If your local trash collector won’t accept it, you can take your waste directly to your local landfill or household hazardous wastes processing facility. Both of these options still charge a fee, but they are typically cheaper than hiring a junk removal service to pick up your trash.
Report Illegal Dumpsites
If you notice an illegal dumpsite on public or private property, you should report it to your local authorities. The EPA offers a guide to help you get in contact with your state’s environmental agency. If you would rather report the issue online, you can use the EPA’s online portal to report an environmental violation.
In recent years, new apps that simplify the reporting process have also entered the market. Apps like TrashOut allow users to quickly report illegal dumping in their communities by snapping a picture and sharing their device’s location. Some cities also offer their own apps to simplify the reporting process, and you can typically find information on them on your local government’s website.
Research Nonprofit Organizations
Nonprofit organizations like the Let’s Do It Foundation organize cleanup crews, offer education programs and work to spread awareness about the dangers of illegal dumping. These organizations are gaining traction in communities all over the world, and they are a great place to start if you want to learn more about illegal dumping on a global scale.
Local nonprofits can also assist in cleanup efforts and provide additional resources. If you notice an illegal dumpsite in your area that isn’t being addressed, try reaching out to local nonprofit organizations to make them aware of the problem. Depending on the nature of the dumpsite, they may be able to send out a cleanup crew or contact someone who can help.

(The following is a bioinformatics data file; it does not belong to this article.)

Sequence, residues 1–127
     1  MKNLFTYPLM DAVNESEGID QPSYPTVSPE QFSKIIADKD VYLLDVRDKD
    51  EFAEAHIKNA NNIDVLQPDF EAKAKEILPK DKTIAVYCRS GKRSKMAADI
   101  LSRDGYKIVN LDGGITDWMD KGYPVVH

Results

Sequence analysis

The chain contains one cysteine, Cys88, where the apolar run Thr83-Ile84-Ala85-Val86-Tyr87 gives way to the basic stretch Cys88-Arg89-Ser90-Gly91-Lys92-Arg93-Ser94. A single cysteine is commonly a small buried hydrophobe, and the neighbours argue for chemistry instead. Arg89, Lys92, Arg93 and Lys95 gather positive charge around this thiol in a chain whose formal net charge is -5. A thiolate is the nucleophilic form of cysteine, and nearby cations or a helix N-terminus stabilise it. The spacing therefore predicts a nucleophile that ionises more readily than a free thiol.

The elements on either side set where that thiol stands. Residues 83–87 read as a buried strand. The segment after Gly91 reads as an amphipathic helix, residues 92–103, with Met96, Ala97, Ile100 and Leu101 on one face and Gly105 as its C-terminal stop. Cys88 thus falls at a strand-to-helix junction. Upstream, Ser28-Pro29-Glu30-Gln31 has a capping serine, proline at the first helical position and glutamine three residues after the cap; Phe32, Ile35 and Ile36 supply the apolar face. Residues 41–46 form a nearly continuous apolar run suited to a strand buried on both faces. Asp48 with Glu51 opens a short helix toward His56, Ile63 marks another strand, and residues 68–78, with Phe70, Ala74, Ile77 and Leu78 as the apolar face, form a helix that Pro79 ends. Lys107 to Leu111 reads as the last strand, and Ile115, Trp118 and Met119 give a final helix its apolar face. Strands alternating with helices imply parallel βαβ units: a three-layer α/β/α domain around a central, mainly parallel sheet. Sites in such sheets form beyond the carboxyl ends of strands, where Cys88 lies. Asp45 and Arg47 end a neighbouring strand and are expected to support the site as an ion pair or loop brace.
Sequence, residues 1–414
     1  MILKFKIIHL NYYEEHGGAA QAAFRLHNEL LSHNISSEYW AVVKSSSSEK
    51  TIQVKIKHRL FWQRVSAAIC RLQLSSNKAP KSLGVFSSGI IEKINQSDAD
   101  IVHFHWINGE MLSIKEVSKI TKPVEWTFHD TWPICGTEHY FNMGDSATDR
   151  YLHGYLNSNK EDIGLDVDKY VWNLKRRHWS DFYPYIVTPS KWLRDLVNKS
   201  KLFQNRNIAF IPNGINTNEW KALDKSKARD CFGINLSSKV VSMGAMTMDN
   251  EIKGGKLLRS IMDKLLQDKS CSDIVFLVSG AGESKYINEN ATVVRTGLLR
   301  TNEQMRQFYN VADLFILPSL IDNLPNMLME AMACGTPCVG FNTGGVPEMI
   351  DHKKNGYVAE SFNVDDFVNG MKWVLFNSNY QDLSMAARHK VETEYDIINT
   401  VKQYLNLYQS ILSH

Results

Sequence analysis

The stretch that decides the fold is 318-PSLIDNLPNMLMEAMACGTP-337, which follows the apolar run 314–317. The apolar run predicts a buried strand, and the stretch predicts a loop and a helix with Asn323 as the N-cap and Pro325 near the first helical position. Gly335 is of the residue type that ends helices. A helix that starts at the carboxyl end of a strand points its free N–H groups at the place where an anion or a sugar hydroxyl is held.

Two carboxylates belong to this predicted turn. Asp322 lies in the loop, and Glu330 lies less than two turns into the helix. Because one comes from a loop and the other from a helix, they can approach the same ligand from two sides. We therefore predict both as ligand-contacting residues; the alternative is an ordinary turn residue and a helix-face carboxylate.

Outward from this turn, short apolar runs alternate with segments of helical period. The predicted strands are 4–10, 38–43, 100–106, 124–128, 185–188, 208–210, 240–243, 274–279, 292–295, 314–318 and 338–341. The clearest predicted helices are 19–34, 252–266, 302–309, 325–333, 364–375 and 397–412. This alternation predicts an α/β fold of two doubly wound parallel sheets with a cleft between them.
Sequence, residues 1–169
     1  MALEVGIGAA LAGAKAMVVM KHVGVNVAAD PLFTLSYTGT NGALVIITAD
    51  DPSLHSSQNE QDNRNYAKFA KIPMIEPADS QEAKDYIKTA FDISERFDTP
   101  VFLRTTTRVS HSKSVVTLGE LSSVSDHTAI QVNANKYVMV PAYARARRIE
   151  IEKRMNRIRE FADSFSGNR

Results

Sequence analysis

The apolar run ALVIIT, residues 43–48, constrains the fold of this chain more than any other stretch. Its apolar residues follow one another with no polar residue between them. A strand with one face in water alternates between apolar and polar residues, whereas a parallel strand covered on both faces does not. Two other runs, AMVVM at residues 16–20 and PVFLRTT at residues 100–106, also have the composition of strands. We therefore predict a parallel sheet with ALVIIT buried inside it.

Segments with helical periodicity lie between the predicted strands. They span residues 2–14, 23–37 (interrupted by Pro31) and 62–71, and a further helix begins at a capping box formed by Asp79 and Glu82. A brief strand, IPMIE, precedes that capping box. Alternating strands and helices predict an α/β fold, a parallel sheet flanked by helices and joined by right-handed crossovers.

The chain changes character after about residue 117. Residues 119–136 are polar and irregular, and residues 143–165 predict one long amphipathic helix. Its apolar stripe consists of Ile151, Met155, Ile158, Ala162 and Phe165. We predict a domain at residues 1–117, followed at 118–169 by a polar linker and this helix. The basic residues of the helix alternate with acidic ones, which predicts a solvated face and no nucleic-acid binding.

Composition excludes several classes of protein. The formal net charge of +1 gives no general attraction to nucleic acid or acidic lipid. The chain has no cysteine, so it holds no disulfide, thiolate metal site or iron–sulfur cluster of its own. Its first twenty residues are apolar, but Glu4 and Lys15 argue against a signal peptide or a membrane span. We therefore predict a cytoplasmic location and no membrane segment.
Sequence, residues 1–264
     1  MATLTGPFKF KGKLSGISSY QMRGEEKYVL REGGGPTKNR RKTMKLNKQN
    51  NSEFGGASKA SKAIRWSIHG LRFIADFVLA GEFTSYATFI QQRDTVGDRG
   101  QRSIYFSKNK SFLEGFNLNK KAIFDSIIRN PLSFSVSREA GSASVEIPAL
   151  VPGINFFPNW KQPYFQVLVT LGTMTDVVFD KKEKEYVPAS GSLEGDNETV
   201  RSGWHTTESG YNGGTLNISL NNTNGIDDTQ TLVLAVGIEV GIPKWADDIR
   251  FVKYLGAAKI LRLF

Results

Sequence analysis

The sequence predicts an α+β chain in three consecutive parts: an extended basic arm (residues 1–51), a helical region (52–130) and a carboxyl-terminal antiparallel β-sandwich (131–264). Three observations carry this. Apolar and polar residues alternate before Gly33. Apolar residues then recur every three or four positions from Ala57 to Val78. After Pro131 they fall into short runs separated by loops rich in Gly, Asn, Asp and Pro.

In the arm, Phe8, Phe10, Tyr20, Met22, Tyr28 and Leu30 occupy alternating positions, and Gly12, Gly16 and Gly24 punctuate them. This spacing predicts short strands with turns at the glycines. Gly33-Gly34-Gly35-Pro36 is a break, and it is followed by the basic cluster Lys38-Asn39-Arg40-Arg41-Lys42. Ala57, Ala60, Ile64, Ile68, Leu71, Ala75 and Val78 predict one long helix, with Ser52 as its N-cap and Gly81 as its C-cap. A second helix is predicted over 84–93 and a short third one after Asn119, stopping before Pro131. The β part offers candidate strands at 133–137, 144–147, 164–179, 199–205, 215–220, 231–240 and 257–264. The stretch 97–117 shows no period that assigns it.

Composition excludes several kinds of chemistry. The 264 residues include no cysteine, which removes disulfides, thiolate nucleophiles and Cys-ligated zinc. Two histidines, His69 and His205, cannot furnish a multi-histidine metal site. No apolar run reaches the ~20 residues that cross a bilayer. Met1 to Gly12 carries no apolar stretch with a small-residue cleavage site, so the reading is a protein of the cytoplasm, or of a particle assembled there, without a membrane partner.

Contact Local Advocates
When it comes to preventing illegal dumping, state and local governments hold a lot of power. High costs and restricted access to waste disposal services are the two biggest drivers for illegal dumping. To combat this problem, local organizations have begun urging government agencies to lower prices for legal waste disposal and extend their service areas.
If legal waste disposal options are lacking in your area, consider joining a civic organization or local community group that advocates for better waste disposal resources. These groups often form partnerships with local governments to help secure resources, and they typically have greater influence than individual residents.
Protect Your Property
Private properties are common targets for illegal dumping, especially if they have a large dumpster or wooded area on-site. If your commercial or private property has been targeted in the past, consider taking the following preventative measures to stop it from happening again.
- Identify blind spots
- Keep your property well-lit
- Put up “No Trespassing” signs
- Install a surveillance system
- Lock dumpsters overnight
- Report illegal dumping as soon as you notice it
Whether you’re renting a commercial dumpster for a construction project or getting rid of old furniture, you should always look for legal, environmentally friendly ways to dispose of waste. It will save you money in the long run and ensure that your next project goes off without a hitch.